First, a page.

Articles tagged 'ruby'

Last night I learned how to convince vim that ! and ? are part of a keyword. This is awesome, because both those characters are valid characters for method names in Ruby. In particular, it now means that when I hit ctrl-] with my cursor in a method name containing a !, it will take me to the correct method definition. Let's see how. Read more…

I'm dusting off an old post this evening, since I've spent the entire day coding in Rails on a new side project. As it happens, I had the opportunity to test-drive this article to see if it still works, and it does! For bonus points, it nearly works with Rails 5-rc1, too, which is what I ended up playing with for most of the day. I've run out of time now, but sometime in the next few days, I'll update this article for Rails 5, switching from unicorn to puma — since that's what Heroku now recommend — and trying out Bootstrap v4! But meanwhile, if you've got the opportunity to bootstrap a new greenfield Rails project, give this a shot. Read more…

Today we're going to explore how to bundle up a sample Ruby on Rails application into Docker images, run containers locally in our development environment, and link the containers together so they can talk to each other. On the way, we'll automate the build with Rake, and discover a little more about how container linking actually works. Read more…

Today we figure out a novel approach to the materialised path pattern for representing hierarchical data in SQL. It takes advantage of PostgreSQL's native support for array types. But it also poses a question: can we make use of ActiveRecord's preloading machinery for eager loading these trees? Read more…

Back in part 1, we had a look at some of the new features of RSpec, and we used those features to create a query-style controller action. In particular, it listed out all the widgets in our inventory management system. This time around, we're going to look at a command-style action: creating a new widget. Read more…

RSpec has come a long way since I last used it in anger. Today, I'm starting through a worked example on test-driving a Ruby on Rails controller with RSpec, Capybara feature specs, and plenty of mocking. Along the way, we'll see some neat new features of RSpec in action. Read more…

I’ve lost track of why now, but I’ve spent a bit of time this afternoon trying to understand how the Rails logger works in production. For years we’ve been using a Hodel 3000 Compliant Logger, which is dead straightforward. Recently, though, we switched back to using the built in logger with Rails, which is a little more subtle. Read more…

Once upon a time, in a galaxy far, far away ... Ok, I'll stop now. A few years back, I was working on a client project and they needed to integrate with a billing platform. They'd already picked Protx (now SagePay) as their platform of choice, and in particular, the Server variant. Wait, I'll backtrack. SagePay has three variants: Read more…

Ruby has the Comparable module, which, if you implement the spaceship operator <=> (winner of "Best Named Operator" 10 years running!) then it will give you a bunch of comparator operators for free (<, <=, ==, >= and >). Win. Enumerable's #sort method uses the spaceship operator to do sorting too, so implementing the spaceship gives you a whole bunch of interesting behaviour pretty much for free. Read more…

Ubuntu is my Linux of choice. It has been for a long time. I've been a huge fan of Debian since the late '90s -- I was a Debian Developer stuck in the NM queue for a few years -- but the release cycle was way too long for my tastes (which invariably meant I kept most of my systems running testing or unstable). So I switched to Ubuntu pretty early on. Read more…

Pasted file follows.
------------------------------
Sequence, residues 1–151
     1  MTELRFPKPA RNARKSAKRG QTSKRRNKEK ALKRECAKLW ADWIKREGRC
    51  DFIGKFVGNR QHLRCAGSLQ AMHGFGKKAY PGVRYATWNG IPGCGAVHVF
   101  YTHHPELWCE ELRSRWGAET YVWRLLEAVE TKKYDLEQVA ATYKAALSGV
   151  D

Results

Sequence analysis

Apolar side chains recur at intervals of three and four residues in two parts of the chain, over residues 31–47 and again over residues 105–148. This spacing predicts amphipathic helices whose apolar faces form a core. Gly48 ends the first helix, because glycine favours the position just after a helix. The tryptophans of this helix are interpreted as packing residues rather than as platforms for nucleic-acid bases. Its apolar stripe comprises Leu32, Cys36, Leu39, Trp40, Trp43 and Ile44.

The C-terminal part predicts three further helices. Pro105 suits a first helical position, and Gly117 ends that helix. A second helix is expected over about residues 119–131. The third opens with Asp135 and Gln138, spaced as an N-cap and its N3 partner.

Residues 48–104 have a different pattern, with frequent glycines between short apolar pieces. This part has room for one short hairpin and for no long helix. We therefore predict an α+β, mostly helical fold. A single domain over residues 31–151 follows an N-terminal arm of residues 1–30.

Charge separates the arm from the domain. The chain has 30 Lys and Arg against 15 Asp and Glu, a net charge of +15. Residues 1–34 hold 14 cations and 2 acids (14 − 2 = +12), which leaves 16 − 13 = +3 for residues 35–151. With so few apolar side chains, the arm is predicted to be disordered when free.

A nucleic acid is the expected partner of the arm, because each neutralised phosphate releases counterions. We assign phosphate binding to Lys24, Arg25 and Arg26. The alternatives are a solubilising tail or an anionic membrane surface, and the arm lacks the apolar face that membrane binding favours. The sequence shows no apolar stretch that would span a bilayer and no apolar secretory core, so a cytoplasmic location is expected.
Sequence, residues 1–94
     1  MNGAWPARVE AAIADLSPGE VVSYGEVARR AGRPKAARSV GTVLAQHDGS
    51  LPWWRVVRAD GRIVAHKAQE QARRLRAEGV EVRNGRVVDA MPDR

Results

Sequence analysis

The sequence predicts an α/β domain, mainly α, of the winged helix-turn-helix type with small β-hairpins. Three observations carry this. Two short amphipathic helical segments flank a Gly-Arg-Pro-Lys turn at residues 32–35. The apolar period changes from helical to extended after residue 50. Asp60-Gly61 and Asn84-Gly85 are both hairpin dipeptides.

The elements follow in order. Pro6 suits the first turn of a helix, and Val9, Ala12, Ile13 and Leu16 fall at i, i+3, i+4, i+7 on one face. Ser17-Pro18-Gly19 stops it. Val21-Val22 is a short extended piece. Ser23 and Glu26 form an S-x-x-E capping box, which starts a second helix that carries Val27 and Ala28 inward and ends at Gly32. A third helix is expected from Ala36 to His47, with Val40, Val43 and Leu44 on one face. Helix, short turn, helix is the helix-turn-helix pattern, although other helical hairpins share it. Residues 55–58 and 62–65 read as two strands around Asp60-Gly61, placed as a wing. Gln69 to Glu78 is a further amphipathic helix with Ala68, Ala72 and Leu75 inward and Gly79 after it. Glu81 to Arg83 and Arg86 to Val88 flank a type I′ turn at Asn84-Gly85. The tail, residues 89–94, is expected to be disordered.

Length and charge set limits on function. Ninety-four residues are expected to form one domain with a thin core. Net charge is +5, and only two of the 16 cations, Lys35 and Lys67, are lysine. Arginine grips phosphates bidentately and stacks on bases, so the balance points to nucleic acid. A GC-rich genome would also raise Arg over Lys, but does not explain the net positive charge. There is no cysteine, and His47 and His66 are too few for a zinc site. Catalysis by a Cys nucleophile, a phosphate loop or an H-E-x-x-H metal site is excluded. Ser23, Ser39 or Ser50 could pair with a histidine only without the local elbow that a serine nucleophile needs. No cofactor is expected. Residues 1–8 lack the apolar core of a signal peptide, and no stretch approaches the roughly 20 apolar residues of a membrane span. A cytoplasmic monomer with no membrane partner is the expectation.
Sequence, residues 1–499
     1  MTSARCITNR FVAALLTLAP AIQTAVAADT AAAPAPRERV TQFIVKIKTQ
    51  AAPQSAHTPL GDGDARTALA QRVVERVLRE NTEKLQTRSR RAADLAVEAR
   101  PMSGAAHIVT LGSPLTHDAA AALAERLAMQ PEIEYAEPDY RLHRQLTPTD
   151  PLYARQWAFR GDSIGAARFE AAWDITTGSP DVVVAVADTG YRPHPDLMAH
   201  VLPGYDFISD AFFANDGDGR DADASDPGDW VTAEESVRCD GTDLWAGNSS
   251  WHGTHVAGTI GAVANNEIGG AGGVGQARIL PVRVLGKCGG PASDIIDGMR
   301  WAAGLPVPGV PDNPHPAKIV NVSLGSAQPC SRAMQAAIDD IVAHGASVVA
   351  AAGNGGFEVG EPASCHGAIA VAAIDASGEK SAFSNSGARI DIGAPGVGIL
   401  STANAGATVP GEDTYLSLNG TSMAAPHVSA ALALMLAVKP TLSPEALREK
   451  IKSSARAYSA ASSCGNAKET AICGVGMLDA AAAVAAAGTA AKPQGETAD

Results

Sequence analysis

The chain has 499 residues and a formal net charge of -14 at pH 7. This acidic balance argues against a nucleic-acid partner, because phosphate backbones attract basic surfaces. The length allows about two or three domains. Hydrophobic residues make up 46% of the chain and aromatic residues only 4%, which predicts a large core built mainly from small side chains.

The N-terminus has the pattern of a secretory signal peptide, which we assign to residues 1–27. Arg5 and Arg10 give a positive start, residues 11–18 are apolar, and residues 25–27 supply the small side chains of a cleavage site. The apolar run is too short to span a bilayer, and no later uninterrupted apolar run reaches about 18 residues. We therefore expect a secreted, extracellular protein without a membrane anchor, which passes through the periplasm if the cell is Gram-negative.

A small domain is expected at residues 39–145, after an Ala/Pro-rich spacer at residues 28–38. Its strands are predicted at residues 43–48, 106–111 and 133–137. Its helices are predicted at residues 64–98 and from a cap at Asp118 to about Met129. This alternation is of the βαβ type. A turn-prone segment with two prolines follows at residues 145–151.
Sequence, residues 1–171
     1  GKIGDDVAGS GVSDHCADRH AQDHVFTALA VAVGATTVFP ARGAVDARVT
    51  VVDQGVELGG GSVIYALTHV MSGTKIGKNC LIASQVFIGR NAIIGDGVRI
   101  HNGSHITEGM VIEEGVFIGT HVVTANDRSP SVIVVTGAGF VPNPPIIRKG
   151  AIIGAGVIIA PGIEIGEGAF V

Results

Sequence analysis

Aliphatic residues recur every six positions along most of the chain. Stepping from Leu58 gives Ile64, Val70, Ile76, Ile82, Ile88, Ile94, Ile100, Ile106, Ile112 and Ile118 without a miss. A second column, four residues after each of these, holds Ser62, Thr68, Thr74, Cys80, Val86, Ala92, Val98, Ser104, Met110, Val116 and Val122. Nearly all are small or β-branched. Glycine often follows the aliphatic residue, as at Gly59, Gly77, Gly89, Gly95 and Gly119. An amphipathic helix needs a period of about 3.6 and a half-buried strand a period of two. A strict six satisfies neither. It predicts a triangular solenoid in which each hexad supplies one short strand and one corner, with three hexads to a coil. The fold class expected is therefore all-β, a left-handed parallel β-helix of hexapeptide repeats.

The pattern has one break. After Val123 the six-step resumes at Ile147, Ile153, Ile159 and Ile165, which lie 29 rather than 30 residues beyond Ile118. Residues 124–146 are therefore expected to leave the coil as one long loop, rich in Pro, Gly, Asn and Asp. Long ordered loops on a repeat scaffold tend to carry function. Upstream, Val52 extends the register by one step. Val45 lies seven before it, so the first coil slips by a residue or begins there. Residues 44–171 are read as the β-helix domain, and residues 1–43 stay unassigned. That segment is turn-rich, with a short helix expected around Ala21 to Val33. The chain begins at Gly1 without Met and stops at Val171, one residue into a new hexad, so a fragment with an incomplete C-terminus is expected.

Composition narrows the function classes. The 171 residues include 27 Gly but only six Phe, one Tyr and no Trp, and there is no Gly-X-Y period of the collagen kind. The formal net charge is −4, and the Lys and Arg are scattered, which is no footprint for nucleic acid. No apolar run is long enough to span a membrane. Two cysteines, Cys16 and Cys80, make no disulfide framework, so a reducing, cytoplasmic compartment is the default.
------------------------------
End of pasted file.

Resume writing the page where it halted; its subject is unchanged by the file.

I was invited to give a short introduction to Ruby on Rails at Tech Meetup in Edinburgh a couple of days ago. I'd been racking my brain for days on what to talk about -- 15 minutes is too short for me to give a meaningful introduction to Rails -- and eventually settled on telling a few stories. Read more…

In a previous post, Using git submodules to track plugins I introduced the idea of using git submodules as part of your workflow in developing Rails applications. At the time, Rails itself wasn't using git, but that has finally happened. You can find the official Ruby on Rails source code repository at http://github.com/rails/rails. So, how to we track Rails with git submodules? Read more…

Since the core Ruby on Rails team is finally actually moving to git, and a whole slew of other projects are following in their wake, now seems like a good time to write up my experiences with using git sub-modules to track external dependencies. Back in the world of Subversion, I had been using Piston to track external dependencies. This allowed me to import third party dependencies from their subversion repository into my own application's repository, keep track of specific versions and even make my own local changes. Read more…

Last night I gave a wee presentation to the Scottish Ruby User Group about Capistrano 2, and some of the ways I've been working with it over the last couple of weeks, since for some reason I seem to have been immersed in it for a couple of different projects. It's nothing particularly groundbreaking, but I figured it was useful to demonstrate some of the things it's capable of, and how much easier it makes my life on a daily basis. You can find a copy of the slides here, complete with my speaker notes: Read more…

I've been using account_location for a couple of applications recently. It's a really nice way to give individual 'clients' of an application their own domain and when we come to scaling up, it's a really easy way of splitting customers across several hosts. So, yeah, very nice. And it's dead easy to deploy in the first instance -- a couple of DNS records along the lines of: Read more…